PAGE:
Leaving a violent or abusive relationship poses countless difficulties for victims and their families. But now, survivors of domestic violence might have one less struggle to overcome as they attempt to flee harmful situations: according to a new report from the Associated Press, more and more domestic violence shelters are becoming pet friendly, allowing families -- whole families -- to stay together in times of crisis.
Of more than 50 shelters in New York City, the AP found one, run by the Urban Resource Institute, which has allowed survivors to bring their cats and "pocket pets" (such as gerbils and hamsters) since June:
Animal welfare and domestic violence groups have found common cause in recent years amid growing interest in connections between animal cruelty and family abuse. Those links have spurred about two dozen states to start letting pets be included in protective orders since 2006; others are considering it, including New Hampshire and Ohio.
Studies have found about 70 percent of domestic violence survivors say their batterers also threatened, injured or killed their pets, and 25 to 50 percent say they delayed fleeing out of fear of what would happen to animals left behind, said psychologist Randall Lockwood, an ASPCA senior vice president.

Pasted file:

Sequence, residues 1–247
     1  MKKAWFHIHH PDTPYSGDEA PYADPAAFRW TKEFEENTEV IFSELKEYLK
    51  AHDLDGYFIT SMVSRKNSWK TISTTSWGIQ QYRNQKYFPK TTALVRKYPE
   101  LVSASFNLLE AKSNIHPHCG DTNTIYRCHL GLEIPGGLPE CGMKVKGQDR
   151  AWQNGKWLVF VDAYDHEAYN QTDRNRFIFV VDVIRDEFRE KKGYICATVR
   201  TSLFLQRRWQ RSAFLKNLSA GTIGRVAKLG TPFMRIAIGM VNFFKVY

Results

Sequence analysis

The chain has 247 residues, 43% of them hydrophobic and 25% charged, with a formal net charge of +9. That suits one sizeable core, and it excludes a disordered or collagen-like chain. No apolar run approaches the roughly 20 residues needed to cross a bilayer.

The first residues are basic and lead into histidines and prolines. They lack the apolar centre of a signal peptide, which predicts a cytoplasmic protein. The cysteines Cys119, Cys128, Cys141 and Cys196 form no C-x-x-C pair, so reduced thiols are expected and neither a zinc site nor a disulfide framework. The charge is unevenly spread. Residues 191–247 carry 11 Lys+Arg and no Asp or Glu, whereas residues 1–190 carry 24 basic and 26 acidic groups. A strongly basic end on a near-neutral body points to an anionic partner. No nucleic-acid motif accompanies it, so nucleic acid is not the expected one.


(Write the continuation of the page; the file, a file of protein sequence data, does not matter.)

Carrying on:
Concern for pets has been known to keep the humans who love them in a variety of difficult situations, not only abusive ones. A study of homeless pet-owners in California found that the vast majority of individuals polled (96 percent of women and 93 percent of men) would turn down the opportunity to stay in a shelter if it did not extend to their pets as well. As a result, a number of homeless shelters have started to open their doors to dogs, cats and other animals, recognizing that it might be the only way to get humans inside as well.
It seems that domestic violence shelters are following suit nationwide, social workers are coming to recognize the important link between saving a human's life and that of their pet. For many of the survivors who stay in pet-friendly shelters, the opportunity to bring their animals with them feels like a real chance to start over. "[Having my cats is] very healing for me," said Pamela Isaac, a domestic abuse survivor. "We take care of each other."